The origin of these aging lesions remains disputed but several arguments plead in favor of modifications of vascular origin, in particular the correlation between the reduction of large myelinated fibers and the importance of the stenosis of vasa vasorum.
At the clinical level, these modifications will result in the elderly subject, in the absence of characterized neuropathy, by a reduction in vibratory and discriminative sensitivity while neurophysiological explorations show a reduction in nerve conduction speeds after 60 years.
Several protocols have been proposed in order to characterize the aging of postural control, depending on the case, static, dynamic posturography or more sophisticated experimental paradigms.

The stabilometric study explores the static balance on a force platform under conditions of normalized collection and surroundings.
Aging is characterized by an increase in postural oscillations that can be compared to the loss of discriminative sensitivity in the feet without this relationship being exclusive of any other parameter.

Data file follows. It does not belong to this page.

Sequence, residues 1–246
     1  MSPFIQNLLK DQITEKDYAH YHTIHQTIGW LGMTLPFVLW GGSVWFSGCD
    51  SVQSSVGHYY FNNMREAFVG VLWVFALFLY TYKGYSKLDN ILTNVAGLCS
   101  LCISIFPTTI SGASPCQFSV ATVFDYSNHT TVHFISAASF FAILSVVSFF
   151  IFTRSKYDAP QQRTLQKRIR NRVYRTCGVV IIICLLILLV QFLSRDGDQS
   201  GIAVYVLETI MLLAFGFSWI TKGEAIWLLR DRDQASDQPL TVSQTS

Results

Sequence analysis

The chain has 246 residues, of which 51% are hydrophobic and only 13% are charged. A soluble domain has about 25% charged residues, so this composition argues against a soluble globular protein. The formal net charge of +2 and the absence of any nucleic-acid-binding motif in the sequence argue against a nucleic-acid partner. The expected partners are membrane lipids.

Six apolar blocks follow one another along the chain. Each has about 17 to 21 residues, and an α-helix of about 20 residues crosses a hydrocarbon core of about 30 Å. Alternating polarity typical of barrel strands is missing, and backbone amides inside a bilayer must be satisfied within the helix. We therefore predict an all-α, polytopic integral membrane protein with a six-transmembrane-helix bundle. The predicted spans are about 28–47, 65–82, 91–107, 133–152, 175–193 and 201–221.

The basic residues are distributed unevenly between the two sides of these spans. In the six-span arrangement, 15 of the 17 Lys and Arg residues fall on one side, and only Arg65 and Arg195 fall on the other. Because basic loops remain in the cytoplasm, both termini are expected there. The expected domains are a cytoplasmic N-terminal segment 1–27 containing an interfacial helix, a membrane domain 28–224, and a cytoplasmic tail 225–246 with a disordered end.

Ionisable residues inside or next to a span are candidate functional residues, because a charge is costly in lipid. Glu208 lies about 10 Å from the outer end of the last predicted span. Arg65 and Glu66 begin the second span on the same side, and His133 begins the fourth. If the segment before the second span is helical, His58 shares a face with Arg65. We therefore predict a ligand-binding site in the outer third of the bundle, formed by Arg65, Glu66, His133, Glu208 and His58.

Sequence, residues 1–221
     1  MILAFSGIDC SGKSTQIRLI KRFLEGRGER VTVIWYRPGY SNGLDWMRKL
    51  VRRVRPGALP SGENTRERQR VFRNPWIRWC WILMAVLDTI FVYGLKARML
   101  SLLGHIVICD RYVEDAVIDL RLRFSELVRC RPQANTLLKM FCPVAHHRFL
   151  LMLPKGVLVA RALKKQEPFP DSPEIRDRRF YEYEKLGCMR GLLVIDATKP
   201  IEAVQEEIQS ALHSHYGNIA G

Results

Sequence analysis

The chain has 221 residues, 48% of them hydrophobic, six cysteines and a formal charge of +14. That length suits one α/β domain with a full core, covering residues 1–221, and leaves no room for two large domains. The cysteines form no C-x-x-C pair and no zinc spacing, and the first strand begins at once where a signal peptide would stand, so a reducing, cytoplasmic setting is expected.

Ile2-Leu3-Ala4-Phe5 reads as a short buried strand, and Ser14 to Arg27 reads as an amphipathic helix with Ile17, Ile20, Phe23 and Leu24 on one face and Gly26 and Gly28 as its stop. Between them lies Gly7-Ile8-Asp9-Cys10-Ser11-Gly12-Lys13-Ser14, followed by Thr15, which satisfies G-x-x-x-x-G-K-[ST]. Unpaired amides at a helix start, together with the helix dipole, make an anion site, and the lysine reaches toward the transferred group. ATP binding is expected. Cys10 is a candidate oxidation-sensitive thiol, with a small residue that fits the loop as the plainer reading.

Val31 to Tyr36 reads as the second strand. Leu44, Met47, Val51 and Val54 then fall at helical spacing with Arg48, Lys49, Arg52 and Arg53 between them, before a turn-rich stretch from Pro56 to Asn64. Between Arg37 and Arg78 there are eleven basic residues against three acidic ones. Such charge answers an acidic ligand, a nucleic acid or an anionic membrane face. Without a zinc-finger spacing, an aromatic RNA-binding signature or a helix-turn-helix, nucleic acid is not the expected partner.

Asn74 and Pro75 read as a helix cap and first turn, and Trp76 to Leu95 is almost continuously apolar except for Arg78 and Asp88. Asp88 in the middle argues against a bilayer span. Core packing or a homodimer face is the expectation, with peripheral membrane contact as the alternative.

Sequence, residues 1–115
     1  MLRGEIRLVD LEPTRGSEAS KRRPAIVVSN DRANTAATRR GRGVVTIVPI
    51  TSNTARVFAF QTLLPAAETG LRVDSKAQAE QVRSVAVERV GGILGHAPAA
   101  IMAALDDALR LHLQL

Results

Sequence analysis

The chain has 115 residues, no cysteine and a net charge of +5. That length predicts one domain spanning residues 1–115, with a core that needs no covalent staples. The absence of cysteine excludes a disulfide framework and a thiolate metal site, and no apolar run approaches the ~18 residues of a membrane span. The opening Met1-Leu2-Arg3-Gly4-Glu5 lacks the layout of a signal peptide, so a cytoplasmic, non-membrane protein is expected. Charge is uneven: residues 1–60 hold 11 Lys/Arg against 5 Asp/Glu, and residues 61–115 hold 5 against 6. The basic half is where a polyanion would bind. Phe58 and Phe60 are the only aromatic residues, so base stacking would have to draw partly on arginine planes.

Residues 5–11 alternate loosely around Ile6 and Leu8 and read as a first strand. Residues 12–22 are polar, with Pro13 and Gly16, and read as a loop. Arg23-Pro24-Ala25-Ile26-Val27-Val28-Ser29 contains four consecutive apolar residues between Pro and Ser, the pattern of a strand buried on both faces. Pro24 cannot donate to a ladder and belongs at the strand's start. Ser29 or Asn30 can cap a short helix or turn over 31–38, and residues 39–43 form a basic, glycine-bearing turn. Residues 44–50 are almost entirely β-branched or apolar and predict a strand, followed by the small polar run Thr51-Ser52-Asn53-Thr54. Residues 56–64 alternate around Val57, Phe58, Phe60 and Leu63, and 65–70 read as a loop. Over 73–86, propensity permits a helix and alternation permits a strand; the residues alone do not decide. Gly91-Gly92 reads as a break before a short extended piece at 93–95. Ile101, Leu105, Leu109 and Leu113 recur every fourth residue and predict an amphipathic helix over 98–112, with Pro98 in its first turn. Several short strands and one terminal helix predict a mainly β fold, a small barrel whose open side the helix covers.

The most characteristic element is the importance assumed during aging by visual afferents, which is characterized by an increase in the Romberg coefficient (ratio of closed eye / open eye oscillations). Under these conditions, the elderly subject “clings” to his visual afferents, more than to other afferents, proprioceptive or vestibular.

Dynamic equilibrium can be explored on a mobile platform which makes it possible to subject the subject to an anteroposterior displacement or to a rotation of the support and to record the strategies involved when maintaining equilibrium from electromyographic data or cutscenes.

Balance control does not only require stability control but also the ability to initialize the step when the imbalance cannot be corrected by bipodal support. In recent years, original protocols have been developed to study these posturo-locomotor capacities.

Elderly people develop proprioceptive afferents during aging, participating in the regulation of the balance of strategies aiming at a privileged treatment from other afferents, in particular visual and vestibular.

This is an adaptation mechanism to physiological aging which will be even more contributing in the case of characterized neurological pathologies such as peripheral neuropathies.